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Shax

Chicago, IL United States
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  • reviews
  • 1
  • helpful vote
  • 4
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  • Rez Life

  • An Indian's Journey Through Reservation Life
  • By: David Treuer
  • Narrated by: Peter Berkrot
  • Length: 10 hrs and 51 mins
  • Unabridged
  • Overall
    4 out of 5 stars 46
  • Performance
    4 out of 5 stars 41
  • Story
    4.5 out of 5 stars 40

Celebrated novelist David Treuer has gained a reputation for writing fiction that expands the horizons of Native American literature. In Rez Life, his first full-length work of nonfiction, Treuer brings a novelist's storytelling skill and an eye for detail to a complex and subtle examination of Native American reservation life, past and present. With authoritative research and reportage, Treuer illuminates misunderstood contemporary issues of sovereignty, treaty rights, and natural-resource conservation.

  • 3 out of 5 stars
  • Rez Life needs a Rez voice not a Suyapi narrator..

  • By Deaxkaash on 09-11-13

Cheesy Narrator

Overall
2 out of 5 stars
Performance
1 out of 5 stars
Story
4 out of 5 stars

Reviewed: 03-28-15

What disappointed you about Rez Life?

Interesting story, but the narrator was so announcer-y I kept expected to be sold a discount mattress rather than invest in an important memoir. I couldn't finish the book due to the awful narration.

How did the narrator detract from the book?

Very forced, unnatural.

Any additional comments?

READ this story; don't listen to the dreadful audio version.

1 of 1 people found this review helpful

  • A Common Pornography

  • A Memoir
  • By: Kevin Sampsell
  • Narrated by: Craig Jessen
  • Length: 4 hrs and 22 mins
  • Unabridged
  • Overall
    4 out of 5 stars 7
  • Performance
    4 out of 5 stars 6
  • Story
    4 out of 5 stars 6

Kevin Sampsell’s A Common Pornography is a memoir, told in vignettes, that captures the history of one dysfunctional American family. An extension of a 2003 "memory experiment" of the same name, A Common Pornography weaves recollections of small-town youth with darker threads from his family’s story, including incest, madness, betrayal, and death. A regular contributor to Dave Egger’s The Believer and McSweeney’s, Sampsell has written "the kind of book where you want to thank the author for helping you feel less alone with being alive" (Jonathan Ames, author of Wake Up, Sir! and The Double Life Is Twice as Good).

  • 3 out of 5 stars
  • Meh.

  • By Shax on 09-19-13

Meh.

Overall
3 out of 5 stars
Performance
3 out of 5 stars
Story
3 out of 5 stars

Reviewed: 09-19-13

Would you try another book from Kevin Sampsell and/or Craig Jessen?

A Common Pornography wasn't bad, but felt like an outline for a memoir, rather than a fully-realized narrative. The question of "whose lives are worth examining" comes to mind - there wasn't enough detail - about the abusive father and the like - to warrant a book. An essay, maybe, but not enough weight for a book. This was basically some snapshots of a relatively average American - felt hungry again an hour after reading.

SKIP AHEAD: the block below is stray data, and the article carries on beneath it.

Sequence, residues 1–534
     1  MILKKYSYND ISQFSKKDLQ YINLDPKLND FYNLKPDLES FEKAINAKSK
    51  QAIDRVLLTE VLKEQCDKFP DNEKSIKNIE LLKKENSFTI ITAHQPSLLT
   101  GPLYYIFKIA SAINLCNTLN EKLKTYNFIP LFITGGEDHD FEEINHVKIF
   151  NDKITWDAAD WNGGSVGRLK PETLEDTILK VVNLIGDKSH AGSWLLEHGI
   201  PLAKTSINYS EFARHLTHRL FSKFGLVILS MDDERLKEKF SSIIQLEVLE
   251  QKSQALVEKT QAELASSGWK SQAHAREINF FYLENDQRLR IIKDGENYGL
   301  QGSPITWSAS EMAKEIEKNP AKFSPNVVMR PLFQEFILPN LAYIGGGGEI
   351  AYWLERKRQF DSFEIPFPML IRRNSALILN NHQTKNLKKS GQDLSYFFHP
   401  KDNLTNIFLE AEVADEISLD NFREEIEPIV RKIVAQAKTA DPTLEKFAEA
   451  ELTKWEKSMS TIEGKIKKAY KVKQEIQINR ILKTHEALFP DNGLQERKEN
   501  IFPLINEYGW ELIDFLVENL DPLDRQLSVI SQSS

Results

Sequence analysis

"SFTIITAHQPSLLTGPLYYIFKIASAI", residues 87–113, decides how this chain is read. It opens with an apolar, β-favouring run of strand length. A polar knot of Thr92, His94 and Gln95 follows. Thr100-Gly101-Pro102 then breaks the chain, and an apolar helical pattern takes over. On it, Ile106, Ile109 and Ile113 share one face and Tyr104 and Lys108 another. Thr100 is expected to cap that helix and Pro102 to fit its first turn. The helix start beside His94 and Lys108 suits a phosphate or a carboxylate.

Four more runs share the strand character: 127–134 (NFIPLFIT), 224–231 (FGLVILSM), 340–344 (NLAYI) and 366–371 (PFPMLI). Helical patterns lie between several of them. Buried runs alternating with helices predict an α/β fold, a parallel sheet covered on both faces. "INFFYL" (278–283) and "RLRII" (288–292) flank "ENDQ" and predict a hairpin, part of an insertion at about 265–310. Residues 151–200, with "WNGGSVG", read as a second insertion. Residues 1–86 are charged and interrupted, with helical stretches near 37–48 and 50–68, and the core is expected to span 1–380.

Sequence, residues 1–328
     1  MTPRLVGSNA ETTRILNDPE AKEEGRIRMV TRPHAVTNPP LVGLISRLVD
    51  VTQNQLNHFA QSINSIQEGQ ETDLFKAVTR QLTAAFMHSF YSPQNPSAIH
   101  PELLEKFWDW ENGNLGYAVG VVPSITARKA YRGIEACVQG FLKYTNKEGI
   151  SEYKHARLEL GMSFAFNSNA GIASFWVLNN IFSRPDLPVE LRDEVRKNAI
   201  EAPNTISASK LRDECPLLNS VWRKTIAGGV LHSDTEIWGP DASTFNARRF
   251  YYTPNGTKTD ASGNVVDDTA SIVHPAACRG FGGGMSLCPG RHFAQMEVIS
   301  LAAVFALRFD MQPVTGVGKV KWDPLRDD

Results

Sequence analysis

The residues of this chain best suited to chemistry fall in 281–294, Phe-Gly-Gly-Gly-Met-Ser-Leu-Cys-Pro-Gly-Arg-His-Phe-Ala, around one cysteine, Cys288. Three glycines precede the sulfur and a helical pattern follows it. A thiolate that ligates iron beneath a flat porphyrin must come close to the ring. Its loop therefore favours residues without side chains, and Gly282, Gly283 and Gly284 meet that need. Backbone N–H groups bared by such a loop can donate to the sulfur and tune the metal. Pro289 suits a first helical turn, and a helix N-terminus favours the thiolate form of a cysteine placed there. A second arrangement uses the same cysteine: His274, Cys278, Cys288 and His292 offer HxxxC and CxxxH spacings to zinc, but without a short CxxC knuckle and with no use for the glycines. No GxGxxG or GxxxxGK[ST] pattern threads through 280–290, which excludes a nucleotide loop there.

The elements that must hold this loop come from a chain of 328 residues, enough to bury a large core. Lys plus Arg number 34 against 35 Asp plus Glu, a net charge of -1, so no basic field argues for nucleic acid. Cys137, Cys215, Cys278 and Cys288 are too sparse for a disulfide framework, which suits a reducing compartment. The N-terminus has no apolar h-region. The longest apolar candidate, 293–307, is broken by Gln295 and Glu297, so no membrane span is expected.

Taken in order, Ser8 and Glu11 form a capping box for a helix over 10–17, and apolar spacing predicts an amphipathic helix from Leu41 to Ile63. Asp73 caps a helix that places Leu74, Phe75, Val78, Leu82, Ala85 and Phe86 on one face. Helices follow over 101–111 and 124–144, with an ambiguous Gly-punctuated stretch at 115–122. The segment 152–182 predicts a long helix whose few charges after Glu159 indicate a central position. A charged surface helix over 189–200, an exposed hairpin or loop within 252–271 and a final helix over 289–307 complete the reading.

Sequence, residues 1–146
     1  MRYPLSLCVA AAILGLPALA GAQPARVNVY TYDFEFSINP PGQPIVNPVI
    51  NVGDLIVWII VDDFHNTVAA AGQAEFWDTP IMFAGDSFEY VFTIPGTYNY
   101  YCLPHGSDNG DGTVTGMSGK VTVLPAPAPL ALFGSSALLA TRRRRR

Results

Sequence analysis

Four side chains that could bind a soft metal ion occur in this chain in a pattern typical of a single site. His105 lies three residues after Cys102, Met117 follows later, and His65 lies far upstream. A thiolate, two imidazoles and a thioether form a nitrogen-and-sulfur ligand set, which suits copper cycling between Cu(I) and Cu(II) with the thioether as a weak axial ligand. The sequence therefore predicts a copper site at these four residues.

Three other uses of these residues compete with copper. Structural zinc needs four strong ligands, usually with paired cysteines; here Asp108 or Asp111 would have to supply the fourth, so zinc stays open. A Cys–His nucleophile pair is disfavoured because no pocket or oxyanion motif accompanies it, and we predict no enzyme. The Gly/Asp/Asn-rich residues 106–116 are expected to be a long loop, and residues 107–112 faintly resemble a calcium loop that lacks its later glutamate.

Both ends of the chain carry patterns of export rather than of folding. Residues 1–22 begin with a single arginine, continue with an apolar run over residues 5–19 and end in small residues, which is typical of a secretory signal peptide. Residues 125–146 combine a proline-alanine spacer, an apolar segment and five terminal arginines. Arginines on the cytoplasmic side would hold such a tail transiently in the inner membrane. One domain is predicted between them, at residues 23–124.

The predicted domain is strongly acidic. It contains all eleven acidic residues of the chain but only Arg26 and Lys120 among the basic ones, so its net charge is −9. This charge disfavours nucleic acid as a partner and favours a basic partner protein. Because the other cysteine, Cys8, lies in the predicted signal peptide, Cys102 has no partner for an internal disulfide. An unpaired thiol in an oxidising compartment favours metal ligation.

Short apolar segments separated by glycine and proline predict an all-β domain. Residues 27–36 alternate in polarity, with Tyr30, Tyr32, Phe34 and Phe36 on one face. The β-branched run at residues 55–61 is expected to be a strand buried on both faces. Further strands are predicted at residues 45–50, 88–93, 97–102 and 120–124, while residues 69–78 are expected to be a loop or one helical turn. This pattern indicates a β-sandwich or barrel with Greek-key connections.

What else would you have wanted to know about Kevin Sampsell’s life?

More honesty and depth of personal reflection - fairly surface and unremarkable observations.

  • Joseph Anton

  • A Memoir
  • By: Salman Rushdie
  • Narrated by: Sam Dastor, Salman Rushdie
  • Length: 26 hrs and 59 mins
  • Unabridged
  • Overall
    4 out of 5 stars 296
  • Performance
    4 out of 5 stars 255
  • Story
    4 out of 5 stars 251

On February 14, 1989, Valentine's Day, Salman Rushdie was telephoned by a BBC journalist and told that he had been "sentenced to death" by the Ayatollah Khomeini. For the first time he heard the word fatwa. His crime? To have written a novel called The Satanic Verses, which was accused of being "against Islam, the Prophet and the Quran". So begins the extraordinary story of how a writer was forced underground, moving from house to house, with the constant presence of a police protection team.

  • 4 out of 5 stars
  • Informative, Timely

  • By Lynn on 10-21-12

Narcissistic Entitlement

Overall
2 out of 5 stars
Performance
4 out of 5 stars
Story
2 out of 5 stars

Reviewed: 09-05-13

What could have made this a 4 or 5-star listening experience for you?

Better text - Rushdie entitlement is repugnant

Has Joseph Anton turned you off from other books in this genre?

No - I love memoir. Rather Joseph Anton should be embarrassed to be included with real self-reflective nonfiction, a genre of culpability and honesty, which uses the courageous first person instead of hiding behind "he."

What about Sam Dastor and Salman Rushdie ’s performance did you like?

The author's supercilious attitude was perfectly captured.

You didn’t love this book... but did it have any redeeming qualities?

Fascinating story - I was hoping for enlightenment about a world that censors free speech and expression, but instead only heard how highly the author regarded himself, as he endlessly outlined his global impact and recounted his accolades (and trashed his detractors and ex-wives). There was no self-awareness, just a one-sided diatribe that obscured what could have been an in-depth reflection on the current religious fanaticism.

Any additional comments?

Don't give Rushdie another thought; just give him the number of a good shrink.

0 of 1 people found this review helpful